Manjit Singh s/o Kirpal Singh v AG

JurisdictionSingapore
CourtHigh Court (Singapore)
Judgment Date15 Mar 2013
Docket NumberOriginating Summons No 107 of 2013

[2013] SGHC 62

High Court

Vinodh Coomaraswamy JC

Originating Summons No 107 of 2013

Manjit Singh s/o Kirpal Singh and another
Plaintiff
and
Attorney-General
Defendant

The applicants in person

Low Siew Ling and Khoo Boo Jin (Attorney-General

's Chambers) for the respondent;

P E Ashokan for the Law Society of Singapore (watching brief).

Associated Provincial Picture Houses Ltd v Wednesbury Corp [1948] 1 KB 223 (refd)

Chan Hiang Leng Colin v Minister for Information and the Arts [1996] 1 SLR (R) 294; [1996] 1 SLR 609 (refd)

Council of Civil Service Unions v Minister for the Civil Service [1985] AC 374 (refd)

El Farargy v El Farargy [2007] EWCA Civ 1149 (refd)

IRC v National Federation of Self-Employed and Small Businesses Ltd [1982] AC 617 (refd)

Jeyaretnam Joshua Benjamin v Lee Kuan Yew [1992] 1 SLR (R) 791; [1992] 2 SLR 310 (refd)

Jeyaretnam Kenneth Andrew v AG [2013] 1 SLR 619 (refd)

Kang Ngah Wei v Commander of Traffic Police [2002] 1 SLR (R) 14; [2002] 1 SLR 213 (refd)

Law Society of Singapore v Ahmad Khalis bin Abdul Ghani [2006] 4 SLR (R) 308; [2006] 4 SLR 308 (refd)

Lee Hsien Loong v Review Publishing Co Ltd [2007] 2 SLR (R) 453; [2007] 2 SLR 453 (folld)

Lim Mey Lee Susan v Singapore Medical Council [2011] 4 SLR 156 (refd)

Lim Mey Lee Susan v Singapore Medical Council [2012] 1 SLR 701 (refd)

Lines International Holding (S) Pte Ltd v Singapore Tourist Promotion Board [1997] 1 SLR (R) 52; [1997] 2 SLR 584 (refd)

Locabail (UK) Ltd v Bayfield Properties Ltd [2000] QB 451 (refd)

Manjit Singh s/o Kirpal Singh, Re [2012] 4 SLR 81 (not folld)

Public Service Commission v Lai Swee Lin Linda [2001] 1 SLR (R) 133; [2001] 1 SLR 644 (folld)

R v West Midlands and North West Mental Health Review Tribunal [2004] EWCA Civ 311 (refd)

Ridge v Baldwin [1964] AC 40 (refd)

Shan Rajagopal, Re [1994] 2 SLR (R) 60; [1994] 3 SLR 524 (folld)

Shankar Alan s/o Anant Kulkarni, Re [2007] 1 SLR (R) 85; [2007] 1 SLR 85 (folld)

Tang Liang Hong v Lee Kuan Yew [1997] 3 SLR (R) 576; [1998] 1 SLR 97 (refd)

Vellama d/o Marie Muthu v AG [2012] 4 SLR 698 (refd)

Yong Vui Kong v AG [2011] 2 SLR 1189 (refd)

Accountants Act (Cap 2, 2005 Rev Ed) ss 48 (5) , 49 (5)

Architects Act (Cap 12, 2000 Rev Ed) ss 31 C (1) , 31C (6)

Constitution of the Republic of Singapore (1985 Rev Ed, 1999 Reprint) Art 97, First Schedule para 6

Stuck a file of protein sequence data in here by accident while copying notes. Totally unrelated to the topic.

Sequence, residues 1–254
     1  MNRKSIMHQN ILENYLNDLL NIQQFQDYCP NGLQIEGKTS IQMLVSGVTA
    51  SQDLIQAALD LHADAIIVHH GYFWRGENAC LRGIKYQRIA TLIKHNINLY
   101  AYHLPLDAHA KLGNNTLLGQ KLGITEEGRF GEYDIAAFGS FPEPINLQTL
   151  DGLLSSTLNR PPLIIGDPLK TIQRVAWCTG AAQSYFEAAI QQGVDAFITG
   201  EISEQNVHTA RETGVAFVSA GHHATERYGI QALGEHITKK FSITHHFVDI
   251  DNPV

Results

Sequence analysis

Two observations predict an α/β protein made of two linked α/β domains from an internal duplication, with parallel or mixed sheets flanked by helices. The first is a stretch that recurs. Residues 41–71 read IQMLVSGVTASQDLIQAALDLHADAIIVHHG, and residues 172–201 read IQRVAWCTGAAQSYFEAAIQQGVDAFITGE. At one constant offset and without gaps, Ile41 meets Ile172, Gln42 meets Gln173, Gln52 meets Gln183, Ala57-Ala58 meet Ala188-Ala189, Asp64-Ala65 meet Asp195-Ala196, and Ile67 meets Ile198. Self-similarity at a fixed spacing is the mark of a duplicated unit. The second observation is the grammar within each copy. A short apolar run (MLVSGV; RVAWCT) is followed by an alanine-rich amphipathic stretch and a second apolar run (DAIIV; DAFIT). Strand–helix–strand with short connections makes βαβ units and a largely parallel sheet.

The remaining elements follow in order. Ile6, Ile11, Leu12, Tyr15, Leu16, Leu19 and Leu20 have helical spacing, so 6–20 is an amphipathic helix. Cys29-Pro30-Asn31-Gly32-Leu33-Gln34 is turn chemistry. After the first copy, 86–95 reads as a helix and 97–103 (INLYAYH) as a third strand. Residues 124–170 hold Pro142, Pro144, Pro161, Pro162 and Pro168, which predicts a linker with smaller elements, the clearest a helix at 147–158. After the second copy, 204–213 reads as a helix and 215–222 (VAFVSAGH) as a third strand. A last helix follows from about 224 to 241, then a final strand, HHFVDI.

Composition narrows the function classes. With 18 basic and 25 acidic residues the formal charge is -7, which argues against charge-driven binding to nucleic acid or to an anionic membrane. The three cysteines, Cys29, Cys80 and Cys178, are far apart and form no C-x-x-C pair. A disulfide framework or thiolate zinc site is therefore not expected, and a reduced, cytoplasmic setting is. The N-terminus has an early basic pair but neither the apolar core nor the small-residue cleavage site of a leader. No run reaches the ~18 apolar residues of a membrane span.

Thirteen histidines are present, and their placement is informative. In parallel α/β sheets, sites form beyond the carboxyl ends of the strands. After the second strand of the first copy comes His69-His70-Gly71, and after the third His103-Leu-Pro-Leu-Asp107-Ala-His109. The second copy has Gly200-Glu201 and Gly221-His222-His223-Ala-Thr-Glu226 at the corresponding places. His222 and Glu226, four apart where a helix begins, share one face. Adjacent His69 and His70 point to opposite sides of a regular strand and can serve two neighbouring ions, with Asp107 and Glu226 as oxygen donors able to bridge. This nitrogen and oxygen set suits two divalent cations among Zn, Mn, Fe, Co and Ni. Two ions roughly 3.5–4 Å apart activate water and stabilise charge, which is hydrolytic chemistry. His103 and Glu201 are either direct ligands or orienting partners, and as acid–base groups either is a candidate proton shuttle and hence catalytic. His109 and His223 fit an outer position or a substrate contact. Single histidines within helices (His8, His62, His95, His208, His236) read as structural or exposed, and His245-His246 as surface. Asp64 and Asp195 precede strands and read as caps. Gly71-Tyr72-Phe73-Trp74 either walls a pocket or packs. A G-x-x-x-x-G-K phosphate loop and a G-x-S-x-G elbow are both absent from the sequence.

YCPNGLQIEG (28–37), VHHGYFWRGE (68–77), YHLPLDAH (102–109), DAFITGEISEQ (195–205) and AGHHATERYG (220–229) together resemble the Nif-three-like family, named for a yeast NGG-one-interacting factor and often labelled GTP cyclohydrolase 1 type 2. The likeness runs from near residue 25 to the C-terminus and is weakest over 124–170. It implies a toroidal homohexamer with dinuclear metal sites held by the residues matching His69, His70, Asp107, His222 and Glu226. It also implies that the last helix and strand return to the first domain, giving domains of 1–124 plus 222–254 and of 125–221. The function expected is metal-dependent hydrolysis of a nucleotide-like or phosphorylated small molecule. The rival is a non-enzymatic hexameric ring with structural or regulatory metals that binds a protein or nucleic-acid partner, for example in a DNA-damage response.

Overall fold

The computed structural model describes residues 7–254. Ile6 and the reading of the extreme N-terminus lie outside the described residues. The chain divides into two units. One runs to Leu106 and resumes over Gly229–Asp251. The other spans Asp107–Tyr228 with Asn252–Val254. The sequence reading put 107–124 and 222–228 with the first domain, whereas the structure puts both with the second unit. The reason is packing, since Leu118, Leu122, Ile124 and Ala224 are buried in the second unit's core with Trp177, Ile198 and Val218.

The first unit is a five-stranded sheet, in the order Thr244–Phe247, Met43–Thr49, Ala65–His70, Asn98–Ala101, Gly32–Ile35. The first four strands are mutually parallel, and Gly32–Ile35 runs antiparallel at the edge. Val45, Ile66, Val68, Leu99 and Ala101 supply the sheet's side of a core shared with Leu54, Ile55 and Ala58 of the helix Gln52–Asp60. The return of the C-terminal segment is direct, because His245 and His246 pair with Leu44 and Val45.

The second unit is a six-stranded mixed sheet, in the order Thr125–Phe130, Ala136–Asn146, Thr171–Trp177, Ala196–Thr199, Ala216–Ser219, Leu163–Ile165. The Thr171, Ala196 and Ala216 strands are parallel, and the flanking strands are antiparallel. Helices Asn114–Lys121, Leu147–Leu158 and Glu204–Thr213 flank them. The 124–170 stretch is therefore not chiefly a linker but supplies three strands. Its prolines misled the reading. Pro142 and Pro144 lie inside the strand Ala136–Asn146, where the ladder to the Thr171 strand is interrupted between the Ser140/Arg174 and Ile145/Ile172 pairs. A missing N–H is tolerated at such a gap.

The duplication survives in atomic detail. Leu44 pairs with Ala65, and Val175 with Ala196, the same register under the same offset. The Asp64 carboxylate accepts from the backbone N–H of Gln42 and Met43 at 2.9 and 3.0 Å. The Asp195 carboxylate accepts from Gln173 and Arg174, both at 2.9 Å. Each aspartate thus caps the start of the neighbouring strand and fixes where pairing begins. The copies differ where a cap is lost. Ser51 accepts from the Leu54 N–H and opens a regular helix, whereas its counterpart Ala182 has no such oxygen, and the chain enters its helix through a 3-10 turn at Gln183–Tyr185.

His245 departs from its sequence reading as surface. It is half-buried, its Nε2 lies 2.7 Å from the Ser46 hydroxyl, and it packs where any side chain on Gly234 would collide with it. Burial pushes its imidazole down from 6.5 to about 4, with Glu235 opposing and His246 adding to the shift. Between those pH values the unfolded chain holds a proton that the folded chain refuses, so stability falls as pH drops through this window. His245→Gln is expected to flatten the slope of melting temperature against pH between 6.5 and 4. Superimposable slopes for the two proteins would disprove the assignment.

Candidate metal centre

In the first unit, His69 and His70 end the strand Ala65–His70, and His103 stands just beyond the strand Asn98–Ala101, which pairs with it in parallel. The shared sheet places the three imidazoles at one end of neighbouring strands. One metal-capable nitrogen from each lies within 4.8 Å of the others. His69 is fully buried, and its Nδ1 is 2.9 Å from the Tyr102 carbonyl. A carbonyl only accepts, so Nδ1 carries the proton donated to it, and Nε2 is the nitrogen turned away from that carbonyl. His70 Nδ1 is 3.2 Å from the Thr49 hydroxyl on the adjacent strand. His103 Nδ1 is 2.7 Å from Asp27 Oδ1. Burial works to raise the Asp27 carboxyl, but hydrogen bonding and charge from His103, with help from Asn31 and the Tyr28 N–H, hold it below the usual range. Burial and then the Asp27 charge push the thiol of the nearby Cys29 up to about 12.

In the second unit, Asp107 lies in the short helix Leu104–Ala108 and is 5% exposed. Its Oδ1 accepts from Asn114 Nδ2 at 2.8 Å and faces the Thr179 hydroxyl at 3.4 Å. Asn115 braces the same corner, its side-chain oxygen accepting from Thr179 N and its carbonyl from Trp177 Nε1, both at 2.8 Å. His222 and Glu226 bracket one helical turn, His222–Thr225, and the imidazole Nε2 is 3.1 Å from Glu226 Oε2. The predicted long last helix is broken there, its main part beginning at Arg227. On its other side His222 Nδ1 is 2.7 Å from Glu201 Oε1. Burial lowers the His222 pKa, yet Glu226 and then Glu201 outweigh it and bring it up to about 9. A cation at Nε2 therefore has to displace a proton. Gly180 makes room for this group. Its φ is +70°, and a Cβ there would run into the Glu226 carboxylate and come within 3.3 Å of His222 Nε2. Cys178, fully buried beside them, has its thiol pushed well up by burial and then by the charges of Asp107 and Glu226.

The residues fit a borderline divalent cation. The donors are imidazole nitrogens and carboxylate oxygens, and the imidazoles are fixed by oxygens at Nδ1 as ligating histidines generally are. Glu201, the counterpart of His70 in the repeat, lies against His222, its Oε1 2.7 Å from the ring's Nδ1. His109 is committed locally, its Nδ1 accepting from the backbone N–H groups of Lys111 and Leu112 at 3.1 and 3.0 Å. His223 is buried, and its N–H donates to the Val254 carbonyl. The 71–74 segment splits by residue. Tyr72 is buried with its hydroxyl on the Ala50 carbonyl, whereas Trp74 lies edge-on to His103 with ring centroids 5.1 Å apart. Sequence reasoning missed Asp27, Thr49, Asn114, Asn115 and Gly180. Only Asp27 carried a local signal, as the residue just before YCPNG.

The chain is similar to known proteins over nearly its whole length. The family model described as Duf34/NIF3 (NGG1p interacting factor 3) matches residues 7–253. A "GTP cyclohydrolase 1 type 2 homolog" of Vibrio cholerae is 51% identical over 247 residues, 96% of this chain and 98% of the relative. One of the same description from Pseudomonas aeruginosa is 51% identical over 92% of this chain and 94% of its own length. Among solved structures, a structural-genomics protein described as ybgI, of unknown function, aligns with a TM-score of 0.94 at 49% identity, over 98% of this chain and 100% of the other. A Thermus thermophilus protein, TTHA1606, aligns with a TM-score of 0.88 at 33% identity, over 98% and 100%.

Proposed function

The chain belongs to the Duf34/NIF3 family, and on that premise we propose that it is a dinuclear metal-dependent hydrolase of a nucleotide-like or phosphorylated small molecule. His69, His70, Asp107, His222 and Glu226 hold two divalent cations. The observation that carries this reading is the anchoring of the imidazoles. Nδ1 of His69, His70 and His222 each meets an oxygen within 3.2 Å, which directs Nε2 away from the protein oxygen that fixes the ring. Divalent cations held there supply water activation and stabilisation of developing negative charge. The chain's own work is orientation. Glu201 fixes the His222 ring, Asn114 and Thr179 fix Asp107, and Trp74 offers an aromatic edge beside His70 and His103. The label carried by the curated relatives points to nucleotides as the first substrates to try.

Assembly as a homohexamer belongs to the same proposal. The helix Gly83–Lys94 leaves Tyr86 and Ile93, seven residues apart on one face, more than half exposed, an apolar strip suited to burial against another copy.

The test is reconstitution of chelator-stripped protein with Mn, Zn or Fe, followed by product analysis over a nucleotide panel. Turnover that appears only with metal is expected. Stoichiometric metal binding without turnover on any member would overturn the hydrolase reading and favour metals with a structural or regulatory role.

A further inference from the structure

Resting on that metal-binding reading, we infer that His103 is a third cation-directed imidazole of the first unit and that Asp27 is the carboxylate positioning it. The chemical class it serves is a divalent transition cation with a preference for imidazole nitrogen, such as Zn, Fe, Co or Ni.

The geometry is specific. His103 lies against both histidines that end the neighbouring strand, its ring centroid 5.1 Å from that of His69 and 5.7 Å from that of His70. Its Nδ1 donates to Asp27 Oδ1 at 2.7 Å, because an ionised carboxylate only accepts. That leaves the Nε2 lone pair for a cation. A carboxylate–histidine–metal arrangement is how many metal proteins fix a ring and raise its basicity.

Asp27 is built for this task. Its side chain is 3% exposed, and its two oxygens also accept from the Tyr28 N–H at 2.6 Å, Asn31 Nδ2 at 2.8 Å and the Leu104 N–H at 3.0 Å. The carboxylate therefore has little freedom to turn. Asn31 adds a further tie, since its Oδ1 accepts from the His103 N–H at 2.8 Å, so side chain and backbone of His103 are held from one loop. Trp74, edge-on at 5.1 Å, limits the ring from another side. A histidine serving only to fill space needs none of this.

Legal Profession Act (Cap 161, 2009 Rev Ed) ss 90 (3) (a) , 91 A (consd) ; ss 85 (1) , 85 (1A) , 85 (6) , 85 (8) , 85 (10) , 86 (7) (a) , 87 (2) (a) , 89 (1) , 90 (1) , 97, 98

Medical Registration Act (Cap 174, 2004 Rev Ed) ss 50 (1) , 50 (5)

Professional Engineers Act (Cap 253, 1992 Rev Ed) ss 27 (1) , 27 (3)

Rules of Court (Cap 322, R 5, 2006 Rev Ed) O 53, O 53 r 1, O 53 r 1 (2) , O 53 r 4, O 53 r 2 (1)

Supreme Court of Judicature Act (Cap 322, 2007 Rev Ed) s 34 (2) (d) , Fifth Schedule

Work Injury Compensation (Medical Board) Regulations (Cap 354, Rg 6, 2010 Rev Ed) regs 5 (1) , 5 (2)

Administrative Law—Administrative powers—Nature of Chief Justice's power to revoke appointment of Disciplinary Tribunal under s 90 (3) (a)Legal Profession Act (Cap 161, 2009 Rev Ed)—Section 90 (3) (a)Legal Profession Act (Cap 161, 2009 Rev Ed)

Administrative Law—Disciplinary proceedings—Chief Justice's power to revoke appointment of Disciplinary Tribunal under s 90 (3) (a)Legal Profession Act (Cap 161, 2009 Rev Ed)—Request by advocate and solicitor undergoing disciplinary proceedings for Chief Justice to revoke appointment of Disciplinary Tribunal on ground of withdrawal of complaint of professional misconduct which gave rise to disciplinary proceedings—Whether Chief Justice obliged to revoke when request was supported by some material and there was no contrary material supporting decision not to revoke—Whether Chief Justice under any procedural obligations when declining to revoke or declining even to make a decision as to whether or not to revoke—Section 90 (3) (a)Legal Profession Act (Cap 161, 2009 Rev Ed)

Administrative Law—Judicial review—Irrationality—Chief Justice's power to revoke appointment of Disciplinary Tribunal under s 90 (3) (a) Legal Profession Act (Cap 161, 2009 Rev Ed)—Chief Justice's refusal to revoke—Whether such refusal might be quashed for being irrational—Section 90 (3) (a) Legal Profession Act (Cap 161, 2009 Rev Ed)

Administrative Law—Remedies—Mandamus—Request by advocate and solicitor undergoing disciplinary proceedings for Chief Justice to revoke appointment of Disciplinary Tribunal—Application for mandamus compelling Chief Justice to respond to request—Chief Justice responding after advocate and solicitor applied for mandamus—Whether Chief Justice's subsequent response rendered application for mandamus superfluous—Whether Chief Justice was obliged to respond to request within reasonable time or at all

Legal Profession—Disciplinary proceedings—Application by advocate and solicitor for High Court to stay proceedings before Disciplinary Tribunal pending appeal against High Court decision—Whether s 91 A Legal Profession Act (Cap 161, 2009 Rev Ed) precluded grant of stay—Section 91 A Legal Profession Act (Cap 161, 2009 Rev Ed)

Legal Profession—Disciplinary proceedings—Disciplinary scheme under the Legal Profession Act (Cap 161, 2009 Rev Ed)—Chief Justice's power to revoke appointment of Disciplinary Tribunal under s 90 (3) (a) Legal Profession Act—Request by advocate and solicitor undergoing disciplinary proceedings for Chief Justice to revoke appointment of Disciplinary Tribunal on ground of withdrawal of complaint of professional misconduct which gave rise to disciplinary proceedings—Whether Chief Justice obliged to revoke when request was supported by material and there was no contrary material supporting decision not to revoke—Whether Chief Justice under any procedural obligations when declining to revoke or declining even to make decision as to whether or not to revoke—Section 90 (3) (a) Legal Profession Act (Cap 161, 2009 Rev Ed)